Документы жизни и деятельности семьи Нобель том 2 - Мелуа А.И
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Further a short article from the «Mountain Magazine» (1865) named «Nobel Oil for explosions» is published. It includes information about nitroglycerin tests not far from Hamburg. Nobel’s oil is more powerful than gunpowder. Nobel the inventor tried to spread Swedish experience of nitroglycerin application to other countries. However the results of experiments in Gartsev mines were not impressive and the Mining Administration was planning new experiments.
In 1865, in the next issue of the same magazine it was told about new experiments of Alfred Nobel and his letter sent to the French Academy of Sciences. Experiments in Altenberg mine not far from Aachen gave good results. Nitroglycerin was offered for mining and military science. Alfred Nobel’s calculations, which demonstrate high efficiency of nitroglycerin application, were also published.
The Mining Journal continued to follow Alfred Nobel’s work and in 1865 published more information about nitroglycerin application. There was the description of the device offered by Alfred for securing the safety of workers. At the same time there was information about toxicity of nitroglycerin and its harmful effect on people. In 1867 the magazine published a Russian translation of a big Alfred Nobel’s article, in which he described methods of nitroglycerin application. It’s remarkable that the start of kerosene and various oils use for lubrication of mechanisms in America is discussed in the same issue. The oil topic will soon become one of the principal ones for Nobel Brothers Petroleum Producing Company.
In 1868 The Mining Journal published an article about dynamite. It was said that Nobel worked at some new explosive, which would have no flaws of nitroglycerine. At the same time the new explosive was to be very powerful. The substance was called dynamite, its composition was kept in secret. The method of dynamite blasting is described in detail. There are examples of the
useful dynamite application. Nobel sold dynamite in barrels, 50 pounds each. The price of dynamite was 2 Francs per pound. The capsule invented by Nobel was paid for additionally.
Ludvig Nobel’s paper on protective shields for infantry explains how to protect soldiers from rifle shots. This invention appeared after battle experience in Russo-Turkish War. Rapid-firing rifles were used in battles. Shots from Turkish rifles hit targets a verst (3500 feet) away. As the Nobel Family was a big contractor of the Russian War Office, there were not only rifles and cannons offered, but protective shields as well. According to statistics, 95 per cent of the dead were killed by rifle shots. The rest 5 per cent of the dead were killed by artillery shots and cold steel. This data shows the importance of protective shields.
Publication of the feature story about a hospital for the wounded of the lowest ranks is dedicated to the later period of World War I. In 1914 Nobel Brothers Petroleum Producing Company set up a hospital in Petrograd. The experience of treatment arrangement and the hospital structure are described in detail, there is also statistics of the rehabilitation process. The reminiscences have been preserved thanks to Martha Ludvigovna Nobel-Oleinikova, who was the senior doctor at the hospital.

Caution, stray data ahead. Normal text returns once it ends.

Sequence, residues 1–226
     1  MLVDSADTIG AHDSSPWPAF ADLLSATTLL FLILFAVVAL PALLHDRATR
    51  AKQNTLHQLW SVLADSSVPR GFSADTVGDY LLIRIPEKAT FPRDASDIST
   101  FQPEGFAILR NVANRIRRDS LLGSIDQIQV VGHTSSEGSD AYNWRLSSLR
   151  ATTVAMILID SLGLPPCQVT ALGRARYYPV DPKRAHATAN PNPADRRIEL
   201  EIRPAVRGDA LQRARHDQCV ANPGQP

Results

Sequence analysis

Martha Nobel-Oleinikova’s article about Elton lake mud cure of the wounded and sick is dedicated to the same subject.
There are several buildings preserved on the territory of the country estate in the Leningrad Region, which was owned by the Nobel-Oleinikovs. Peter Oleinikov, who lives in Stockholm, visited the site of late. Local municipality arranges work for preserving of the historical objects connected with the Nobel-Oleinikovs.
The Regulations of the Ludvig Nobel machine building plant (the original was published in 1912) show excellent management of production and the long way covered by the plant since its foundation. The founder of the plant was Emanuel Ludvigovich Nobel (son of Ludvig Nobel). The fixed capital stock was 4 million Roubles divided into 8 thousand shares.
The plant operated successfully in Soviet times. However in the end of the 1990s the production was for the most part curtailed because of the economic crisis in Russia.
There is a house on the territory of the plant, which belonged to Ludvig Nobel (Vyborgskaya embankment, 19). The interiors and some historical objects have been partly preserved. Unfortunately the house is seriously damaged and cannot be visited at present.
In 1991 a memorial plate to commemorate Alfred Nobel was opened opposite the house, on the other side of the Neva River, paid for by the International Fundation of History of Science (A.I. Melua is the President of the Fund). There had been a house and an office of the Nobels approximately in the same place when they had just moved from Stockholm to St. Petersburg. The memorial plate was designed on the initiative of diplomat Tomas Bertelman with the participation of his colleague Dag Ahlander. The management of Nobel Fund and Sven Nobel (the Head of Nobel Family Society) often came to Leningrad and worked with members of the committee that judged the designs of the first Nobel memorial in the USSR. The memorial plate was opened in October, 1991. The President of Nobel Fund academician L. Gyllensten, executive director M. Sohlman, Russian, Azerbaidzhanian and Swedish scientists took part in the opening ceremony.